The Overwhelming Case of the Library Book Limit

At our public library we have a seemingly endless number of books we can check out (I hit the 40s with no punishment by the law.) For someone who loves to stroll the shelves and pick books at each sign of inspiration, this quickly leads to a towering handful. For months the bookcase by my bed had been the library shelf. One half fiction, one half non-fiction, sometimes sorted by when books were due, sometimes sorted by interest. This was my madness. Look at the books, rearrange the books, touch the books, get more books, panic when the books were overdue, but never actually read all the books.

A lot of them were good intention books. Popular science or psychology that promised to tell me how to be a better me. A book about romance. A book about careers. A book about friendship. A book about being alive. I’d look at them and tell myself it made me happy to be surrounded by all of these books. But when I recently came back from vacation, I realized the truth. They were a heavy weight on my reading habit. They had become a requirement. Read me, read me, read me, read me before I have to go away again. Some books only stayed temporarily on my shelves like foster children I hardly cared for. It made me feel slightly sick and ashamed. Being away for two weeks I was able to see clearly that these were books I’d never want to read. They were only books I wished I could have said I’d read. I heaved them into a bag and returned all but four.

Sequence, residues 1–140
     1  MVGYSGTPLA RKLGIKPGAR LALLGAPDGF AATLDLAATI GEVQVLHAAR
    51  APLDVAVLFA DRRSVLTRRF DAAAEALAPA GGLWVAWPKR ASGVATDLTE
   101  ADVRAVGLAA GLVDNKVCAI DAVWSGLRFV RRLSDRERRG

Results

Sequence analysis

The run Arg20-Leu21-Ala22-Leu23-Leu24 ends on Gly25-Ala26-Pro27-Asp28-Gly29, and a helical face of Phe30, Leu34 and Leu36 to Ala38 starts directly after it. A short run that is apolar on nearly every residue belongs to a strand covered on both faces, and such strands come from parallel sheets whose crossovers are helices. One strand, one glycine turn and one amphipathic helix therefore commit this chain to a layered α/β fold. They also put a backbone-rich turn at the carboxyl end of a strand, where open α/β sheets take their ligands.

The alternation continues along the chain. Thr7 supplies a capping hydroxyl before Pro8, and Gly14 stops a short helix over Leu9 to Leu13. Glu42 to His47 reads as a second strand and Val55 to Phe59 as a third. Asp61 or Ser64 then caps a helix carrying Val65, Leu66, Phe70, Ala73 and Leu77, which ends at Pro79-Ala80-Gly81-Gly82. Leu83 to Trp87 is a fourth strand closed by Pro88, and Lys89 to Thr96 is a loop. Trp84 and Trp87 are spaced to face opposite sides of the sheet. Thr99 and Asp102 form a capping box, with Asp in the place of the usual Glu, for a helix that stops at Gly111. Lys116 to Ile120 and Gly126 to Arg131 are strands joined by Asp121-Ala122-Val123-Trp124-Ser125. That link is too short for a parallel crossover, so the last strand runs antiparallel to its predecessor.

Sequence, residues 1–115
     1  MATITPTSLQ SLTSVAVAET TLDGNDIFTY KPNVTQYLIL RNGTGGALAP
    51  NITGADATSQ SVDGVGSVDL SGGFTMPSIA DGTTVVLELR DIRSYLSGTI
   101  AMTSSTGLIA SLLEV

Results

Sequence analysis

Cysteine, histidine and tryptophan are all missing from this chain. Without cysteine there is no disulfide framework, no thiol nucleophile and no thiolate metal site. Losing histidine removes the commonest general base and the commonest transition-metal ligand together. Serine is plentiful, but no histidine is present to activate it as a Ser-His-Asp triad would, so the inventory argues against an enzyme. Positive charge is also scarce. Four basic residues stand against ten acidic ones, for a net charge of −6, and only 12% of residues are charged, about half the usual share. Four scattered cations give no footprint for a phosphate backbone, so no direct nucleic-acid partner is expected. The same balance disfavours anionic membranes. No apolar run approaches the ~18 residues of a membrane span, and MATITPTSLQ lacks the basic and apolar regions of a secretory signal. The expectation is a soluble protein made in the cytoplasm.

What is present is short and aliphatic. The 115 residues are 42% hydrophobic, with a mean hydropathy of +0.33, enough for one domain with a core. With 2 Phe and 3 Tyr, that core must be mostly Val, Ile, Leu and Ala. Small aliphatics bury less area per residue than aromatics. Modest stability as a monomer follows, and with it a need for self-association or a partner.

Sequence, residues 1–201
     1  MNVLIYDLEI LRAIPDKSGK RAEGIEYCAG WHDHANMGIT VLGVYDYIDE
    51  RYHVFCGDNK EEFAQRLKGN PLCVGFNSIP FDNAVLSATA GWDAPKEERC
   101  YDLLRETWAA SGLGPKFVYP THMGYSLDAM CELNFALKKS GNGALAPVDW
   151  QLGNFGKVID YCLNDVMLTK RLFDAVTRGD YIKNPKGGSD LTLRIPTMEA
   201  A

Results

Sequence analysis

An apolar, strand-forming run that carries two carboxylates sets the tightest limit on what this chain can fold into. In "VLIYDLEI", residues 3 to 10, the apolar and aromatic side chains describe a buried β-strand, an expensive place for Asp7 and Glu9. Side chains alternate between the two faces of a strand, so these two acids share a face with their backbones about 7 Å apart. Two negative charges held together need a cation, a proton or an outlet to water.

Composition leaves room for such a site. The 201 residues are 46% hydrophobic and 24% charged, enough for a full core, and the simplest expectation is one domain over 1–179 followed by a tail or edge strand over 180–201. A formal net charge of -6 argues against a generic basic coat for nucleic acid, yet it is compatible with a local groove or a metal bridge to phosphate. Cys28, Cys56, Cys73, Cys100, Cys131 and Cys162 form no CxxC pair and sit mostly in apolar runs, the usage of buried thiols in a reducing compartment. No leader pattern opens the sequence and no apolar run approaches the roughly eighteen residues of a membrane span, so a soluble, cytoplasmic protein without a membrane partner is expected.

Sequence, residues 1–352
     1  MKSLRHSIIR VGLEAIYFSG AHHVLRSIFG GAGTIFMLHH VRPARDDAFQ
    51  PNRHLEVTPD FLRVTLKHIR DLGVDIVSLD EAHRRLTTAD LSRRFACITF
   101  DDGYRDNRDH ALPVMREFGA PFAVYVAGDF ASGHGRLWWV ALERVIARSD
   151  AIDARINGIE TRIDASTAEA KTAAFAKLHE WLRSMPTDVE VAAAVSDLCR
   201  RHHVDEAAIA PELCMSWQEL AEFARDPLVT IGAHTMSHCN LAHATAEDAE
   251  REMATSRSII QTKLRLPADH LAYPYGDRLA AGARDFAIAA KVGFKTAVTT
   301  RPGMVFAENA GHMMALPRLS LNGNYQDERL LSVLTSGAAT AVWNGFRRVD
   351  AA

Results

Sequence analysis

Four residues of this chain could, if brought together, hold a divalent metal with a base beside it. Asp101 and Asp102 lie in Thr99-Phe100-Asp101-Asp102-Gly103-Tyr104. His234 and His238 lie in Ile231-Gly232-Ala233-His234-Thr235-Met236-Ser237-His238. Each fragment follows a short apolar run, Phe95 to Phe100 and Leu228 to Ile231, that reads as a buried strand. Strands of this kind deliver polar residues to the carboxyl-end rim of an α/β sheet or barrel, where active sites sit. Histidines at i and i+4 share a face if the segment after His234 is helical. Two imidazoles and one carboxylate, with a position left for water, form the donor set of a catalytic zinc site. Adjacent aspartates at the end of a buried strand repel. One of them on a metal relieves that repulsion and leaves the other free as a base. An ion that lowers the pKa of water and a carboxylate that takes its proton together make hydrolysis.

Books should make you feel good. 

I went to the library a week after coming back and saw a display of zines. I’ve never read a zine before but I was drawn to these small, delicate books. They inspired me because they seemed to have either no purpose at all or some very specific purpose. Maybe books are like seasons and you have to adjust. I used to like this, now I like this. This little zines helped me realize there doesn’t have to be any specific requirements on my reading shelf.

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